catch (Exception)
    MessageBox.Show("Error Create Excel Sheet!");

@Mike Gledhill 2011-12-05 12:08:36

Here's a completely free C# library, which lets you export from a DataSet, DataTable or List<> into a genuine Excel 2007 .xlsx file, using the OpenXML libraries:

Full source code is provided - free of charge - along with instructions, and a demo application.

After adding this class to your application, you can export your DataSet to Excel in just one line of code:

CreateExcelFile.CreateExcelDocument(myDataSet, "C:\\Sample.xlsx");

It doesn't get much simpler than that...

And it doesn't even require Excel to be present on your server.

@UrbanEsc 2017-01-23 15:33:19

This seems a bit misleading, as you are asking for a donation to get all of the features.

@Mike Gledhill 2017-05-02 14:15:29

That's partly true: The completely free version will generate a perfect .xlsx file for you, and all source code is provided. If you donate $10 or more to one of those two charities (of which I receive absolutely nothing), then you get a "better" version showing how to do formatting, dates, etc. Given the cost of third-party products, I reckon donating $10 to a good cause instead is well worth it !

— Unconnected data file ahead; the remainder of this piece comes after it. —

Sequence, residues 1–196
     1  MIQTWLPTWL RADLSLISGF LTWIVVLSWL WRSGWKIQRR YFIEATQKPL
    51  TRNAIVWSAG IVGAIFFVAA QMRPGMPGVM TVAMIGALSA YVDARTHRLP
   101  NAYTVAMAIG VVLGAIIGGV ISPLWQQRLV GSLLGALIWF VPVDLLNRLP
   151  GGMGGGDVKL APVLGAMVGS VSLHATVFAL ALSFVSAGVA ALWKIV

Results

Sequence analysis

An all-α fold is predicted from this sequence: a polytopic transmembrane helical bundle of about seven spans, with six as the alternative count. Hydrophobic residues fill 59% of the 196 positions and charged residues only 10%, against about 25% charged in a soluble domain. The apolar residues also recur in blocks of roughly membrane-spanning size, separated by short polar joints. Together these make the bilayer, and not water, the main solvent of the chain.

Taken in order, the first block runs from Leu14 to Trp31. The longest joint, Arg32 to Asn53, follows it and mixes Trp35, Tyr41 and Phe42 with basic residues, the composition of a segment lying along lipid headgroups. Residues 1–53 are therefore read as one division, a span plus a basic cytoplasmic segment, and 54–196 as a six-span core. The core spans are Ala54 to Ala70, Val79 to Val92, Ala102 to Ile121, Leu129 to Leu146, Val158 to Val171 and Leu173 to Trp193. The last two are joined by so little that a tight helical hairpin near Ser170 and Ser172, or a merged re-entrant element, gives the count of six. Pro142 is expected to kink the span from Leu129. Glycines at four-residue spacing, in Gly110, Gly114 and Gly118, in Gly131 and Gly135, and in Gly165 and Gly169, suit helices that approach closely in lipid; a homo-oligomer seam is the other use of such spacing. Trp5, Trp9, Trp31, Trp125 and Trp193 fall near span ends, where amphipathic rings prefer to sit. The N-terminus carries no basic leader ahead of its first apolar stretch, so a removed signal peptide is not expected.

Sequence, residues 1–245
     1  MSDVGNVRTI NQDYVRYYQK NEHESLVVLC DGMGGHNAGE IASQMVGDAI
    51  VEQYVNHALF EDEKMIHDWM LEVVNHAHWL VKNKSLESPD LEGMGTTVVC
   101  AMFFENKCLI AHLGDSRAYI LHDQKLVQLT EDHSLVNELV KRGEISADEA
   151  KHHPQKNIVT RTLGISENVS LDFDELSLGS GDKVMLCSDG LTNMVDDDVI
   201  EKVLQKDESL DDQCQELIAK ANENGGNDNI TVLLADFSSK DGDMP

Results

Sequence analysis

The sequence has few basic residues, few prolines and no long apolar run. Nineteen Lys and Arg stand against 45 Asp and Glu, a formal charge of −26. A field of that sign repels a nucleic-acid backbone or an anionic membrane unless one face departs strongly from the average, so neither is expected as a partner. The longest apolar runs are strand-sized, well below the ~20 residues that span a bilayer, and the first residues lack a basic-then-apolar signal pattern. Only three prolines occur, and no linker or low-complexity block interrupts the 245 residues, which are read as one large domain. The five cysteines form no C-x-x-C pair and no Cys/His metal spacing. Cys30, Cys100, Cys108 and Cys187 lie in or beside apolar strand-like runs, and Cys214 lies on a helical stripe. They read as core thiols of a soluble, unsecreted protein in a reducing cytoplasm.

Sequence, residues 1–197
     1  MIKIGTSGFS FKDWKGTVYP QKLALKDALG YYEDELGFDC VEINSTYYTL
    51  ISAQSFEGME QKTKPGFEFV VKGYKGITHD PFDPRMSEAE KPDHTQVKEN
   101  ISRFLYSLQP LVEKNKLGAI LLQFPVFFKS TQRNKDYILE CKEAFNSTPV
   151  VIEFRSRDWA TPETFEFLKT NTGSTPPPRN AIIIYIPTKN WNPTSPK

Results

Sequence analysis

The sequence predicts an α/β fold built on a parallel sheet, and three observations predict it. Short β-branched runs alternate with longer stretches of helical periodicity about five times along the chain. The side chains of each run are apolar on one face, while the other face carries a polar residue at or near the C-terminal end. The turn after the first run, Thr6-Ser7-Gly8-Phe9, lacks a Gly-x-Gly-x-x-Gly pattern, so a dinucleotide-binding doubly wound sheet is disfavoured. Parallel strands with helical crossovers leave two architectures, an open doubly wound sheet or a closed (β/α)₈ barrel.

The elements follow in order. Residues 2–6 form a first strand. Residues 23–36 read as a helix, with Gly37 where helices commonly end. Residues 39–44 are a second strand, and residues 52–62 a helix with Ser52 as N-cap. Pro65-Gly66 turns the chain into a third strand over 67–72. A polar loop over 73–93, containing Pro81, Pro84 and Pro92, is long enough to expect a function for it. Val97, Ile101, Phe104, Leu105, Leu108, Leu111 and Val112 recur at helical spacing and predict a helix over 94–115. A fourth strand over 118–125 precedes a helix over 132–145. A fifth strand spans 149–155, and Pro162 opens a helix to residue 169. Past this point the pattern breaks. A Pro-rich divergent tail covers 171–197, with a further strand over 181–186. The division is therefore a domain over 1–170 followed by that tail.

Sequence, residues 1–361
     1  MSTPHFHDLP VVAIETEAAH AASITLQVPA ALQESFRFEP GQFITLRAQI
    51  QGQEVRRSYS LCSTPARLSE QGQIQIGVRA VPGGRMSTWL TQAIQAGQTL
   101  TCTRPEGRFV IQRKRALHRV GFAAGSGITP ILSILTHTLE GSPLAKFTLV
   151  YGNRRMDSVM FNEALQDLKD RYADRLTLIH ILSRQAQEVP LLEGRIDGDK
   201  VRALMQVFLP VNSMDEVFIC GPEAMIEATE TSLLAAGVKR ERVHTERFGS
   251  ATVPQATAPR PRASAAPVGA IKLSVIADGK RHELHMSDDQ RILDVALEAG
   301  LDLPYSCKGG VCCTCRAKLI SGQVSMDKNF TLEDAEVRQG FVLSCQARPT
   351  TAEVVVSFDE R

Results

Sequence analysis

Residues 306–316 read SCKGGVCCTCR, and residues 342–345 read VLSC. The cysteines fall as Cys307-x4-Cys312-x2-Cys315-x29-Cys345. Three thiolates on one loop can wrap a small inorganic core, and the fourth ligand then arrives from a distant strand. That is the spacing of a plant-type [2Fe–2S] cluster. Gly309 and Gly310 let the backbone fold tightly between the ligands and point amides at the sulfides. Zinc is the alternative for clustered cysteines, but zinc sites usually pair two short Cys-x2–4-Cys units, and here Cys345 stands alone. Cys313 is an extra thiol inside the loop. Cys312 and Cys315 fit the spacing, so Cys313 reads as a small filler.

@mcalex 2019-02-01 04:47:19


@Sachin Dhir 2015-12-02 13:30:28

OpenXML is also a good alternative that helps avoid installing MS Excel on Server.The Open XML SDK 2.0 provided by Microsoft simplifies the task of manipulating Open XML packages and the underlying Open XML schema elements within a package. The Open XML Application Programming Interface (API) encapsulates many common tasks that developers perform on Open XML packages.

Check this out OpenXML: Alternative that helps avoid installing MS Excel on Server

@saurabh27 2014-12-20 06:37:43

I am using following code for create excel 2007 file which create the file and write in that file but when i open the file but it give me error that exel cannot open the file bcz file might be coruupted or extension of the file is not compatible. but if i used .xls for file it work fines

for (int i = 0; i < TotalFile; i++)
    if (innerloop == SplitSize)
        for (int j = 0; j < SplitSize; j++)
            string strContact = DSt.Tables[0].Rows[i * SplitSize + j][0].ToString();
        string strExcel = strFileName + "_" + i.ToString() + ".xlsx";
                         File.WriteAllLines(strExcel, Contact.ToArray());

also refer link

@Rup 2014-12-22 20:48:41